DETROIT -- Tigers manager Brad Ausmus saw the highlights of Yankees pitcher Michael Pineda with pine tar on his neck. He also has heard the stories about catchers helping pitchers use pine tar to get a better grip on the ball, though he said he has never been a part of that.
If there's a huge controversy about the impact pine tar makes for a pitcher, however, Ausmus doesn't see it.
"I do think pitchers using pine tar isn't as big a deal as it's being made out to be," Ausmus said Thursday morning. "It's more about getting a grip. It's not really about altering the movement of the ball. It's about getting a grip on the ball, just like pine tar on the bat is to get a grip on the bat. It's becoming overblown, really."
Especially in cold weather, when it's tough for a pitcher to get a grip on a pitch, Ausmus said hitters aren't as likely to mind it.
"Especially if he's a hard thrower," Ausmus said. "It's not like a spitball where it's dancing all over the place, or sandpaper that scuffs it and makes it move abnormally. This is just allowing pitchers to get a grip on the ball. It's overblown."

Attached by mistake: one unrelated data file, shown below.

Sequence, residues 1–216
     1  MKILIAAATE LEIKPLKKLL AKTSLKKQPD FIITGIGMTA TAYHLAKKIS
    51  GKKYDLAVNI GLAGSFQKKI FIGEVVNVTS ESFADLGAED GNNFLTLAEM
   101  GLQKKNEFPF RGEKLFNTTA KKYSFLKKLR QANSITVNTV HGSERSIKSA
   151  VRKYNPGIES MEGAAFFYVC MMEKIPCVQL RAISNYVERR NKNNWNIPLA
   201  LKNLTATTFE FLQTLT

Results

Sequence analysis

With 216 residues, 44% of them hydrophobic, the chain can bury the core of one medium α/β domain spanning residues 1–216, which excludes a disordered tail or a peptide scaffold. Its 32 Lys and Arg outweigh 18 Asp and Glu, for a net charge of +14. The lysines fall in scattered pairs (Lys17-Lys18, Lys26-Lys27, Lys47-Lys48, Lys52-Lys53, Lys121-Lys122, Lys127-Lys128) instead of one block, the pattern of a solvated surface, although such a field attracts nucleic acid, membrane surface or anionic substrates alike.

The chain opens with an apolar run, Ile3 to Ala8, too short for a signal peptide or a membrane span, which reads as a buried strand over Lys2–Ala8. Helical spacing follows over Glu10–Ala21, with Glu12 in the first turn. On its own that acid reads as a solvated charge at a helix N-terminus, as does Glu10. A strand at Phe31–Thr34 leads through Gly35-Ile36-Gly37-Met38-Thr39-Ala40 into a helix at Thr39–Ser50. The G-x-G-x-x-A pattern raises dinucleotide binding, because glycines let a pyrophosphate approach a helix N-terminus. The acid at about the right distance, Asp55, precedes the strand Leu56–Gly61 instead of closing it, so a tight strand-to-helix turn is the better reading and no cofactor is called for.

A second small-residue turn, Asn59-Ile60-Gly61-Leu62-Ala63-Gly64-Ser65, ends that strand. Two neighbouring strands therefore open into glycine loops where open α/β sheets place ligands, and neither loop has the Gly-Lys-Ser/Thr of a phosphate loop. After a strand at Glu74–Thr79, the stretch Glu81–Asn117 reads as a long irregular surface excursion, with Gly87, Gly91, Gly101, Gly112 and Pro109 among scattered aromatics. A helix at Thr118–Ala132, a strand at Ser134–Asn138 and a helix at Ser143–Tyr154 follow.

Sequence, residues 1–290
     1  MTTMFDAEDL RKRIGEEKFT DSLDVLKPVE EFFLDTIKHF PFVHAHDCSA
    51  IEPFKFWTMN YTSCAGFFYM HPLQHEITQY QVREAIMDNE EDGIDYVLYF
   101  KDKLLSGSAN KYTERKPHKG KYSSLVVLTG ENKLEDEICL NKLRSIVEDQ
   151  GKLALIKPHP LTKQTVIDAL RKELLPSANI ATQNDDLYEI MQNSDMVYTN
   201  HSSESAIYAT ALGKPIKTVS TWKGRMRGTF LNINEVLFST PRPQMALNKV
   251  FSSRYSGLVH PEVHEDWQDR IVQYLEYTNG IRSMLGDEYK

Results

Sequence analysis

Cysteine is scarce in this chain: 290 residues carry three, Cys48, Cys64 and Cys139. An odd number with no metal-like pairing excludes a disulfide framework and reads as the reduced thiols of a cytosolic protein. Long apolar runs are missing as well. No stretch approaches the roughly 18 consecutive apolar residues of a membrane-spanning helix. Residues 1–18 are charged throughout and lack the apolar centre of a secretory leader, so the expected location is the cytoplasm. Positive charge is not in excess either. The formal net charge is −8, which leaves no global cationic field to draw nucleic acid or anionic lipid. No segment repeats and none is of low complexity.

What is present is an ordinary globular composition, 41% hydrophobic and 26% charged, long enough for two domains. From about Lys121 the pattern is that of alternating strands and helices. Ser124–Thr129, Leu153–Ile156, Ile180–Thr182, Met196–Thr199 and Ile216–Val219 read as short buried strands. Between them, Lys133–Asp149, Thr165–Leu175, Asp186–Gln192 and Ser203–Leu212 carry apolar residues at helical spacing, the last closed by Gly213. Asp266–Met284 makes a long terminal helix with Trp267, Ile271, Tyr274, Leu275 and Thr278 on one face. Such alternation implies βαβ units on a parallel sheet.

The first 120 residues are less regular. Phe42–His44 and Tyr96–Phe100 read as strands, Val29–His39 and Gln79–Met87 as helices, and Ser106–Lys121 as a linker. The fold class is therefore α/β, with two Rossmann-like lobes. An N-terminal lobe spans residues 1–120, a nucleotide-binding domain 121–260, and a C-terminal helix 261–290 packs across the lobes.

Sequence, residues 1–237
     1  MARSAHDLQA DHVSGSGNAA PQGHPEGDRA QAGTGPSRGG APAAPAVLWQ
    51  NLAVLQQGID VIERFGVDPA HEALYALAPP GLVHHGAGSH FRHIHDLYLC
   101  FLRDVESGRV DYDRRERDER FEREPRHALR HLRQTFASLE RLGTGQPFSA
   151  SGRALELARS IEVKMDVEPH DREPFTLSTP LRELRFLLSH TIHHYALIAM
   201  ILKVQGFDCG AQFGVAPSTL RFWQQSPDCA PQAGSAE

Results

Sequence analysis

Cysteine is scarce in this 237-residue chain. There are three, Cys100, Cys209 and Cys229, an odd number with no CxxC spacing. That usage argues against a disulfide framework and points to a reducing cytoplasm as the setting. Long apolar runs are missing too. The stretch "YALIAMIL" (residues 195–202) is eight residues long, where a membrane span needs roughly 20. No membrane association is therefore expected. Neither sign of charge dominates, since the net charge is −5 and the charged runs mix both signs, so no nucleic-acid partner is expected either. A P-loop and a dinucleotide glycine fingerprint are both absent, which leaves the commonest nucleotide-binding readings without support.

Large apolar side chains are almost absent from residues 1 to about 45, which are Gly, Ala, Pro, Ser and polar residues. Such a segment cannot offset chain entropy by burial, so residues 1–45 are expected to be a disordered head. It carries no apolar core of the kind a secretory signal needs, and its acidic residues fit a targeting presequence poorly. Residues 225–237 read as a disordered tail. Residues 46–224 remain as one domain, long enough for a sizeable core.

That said, Ausmus agreed with the idea there's a limit. He had never seen a pitcher putting pine tar on his neck, or any part of his body where it was that much in the open.
"I guess if it was blatant, you certainly would have to address it as part of the rules," Ausmus said. "But again, I don't think its impact [is that vast]. He did seem to have quite a bit of it, but I'm not going to get worked up about that."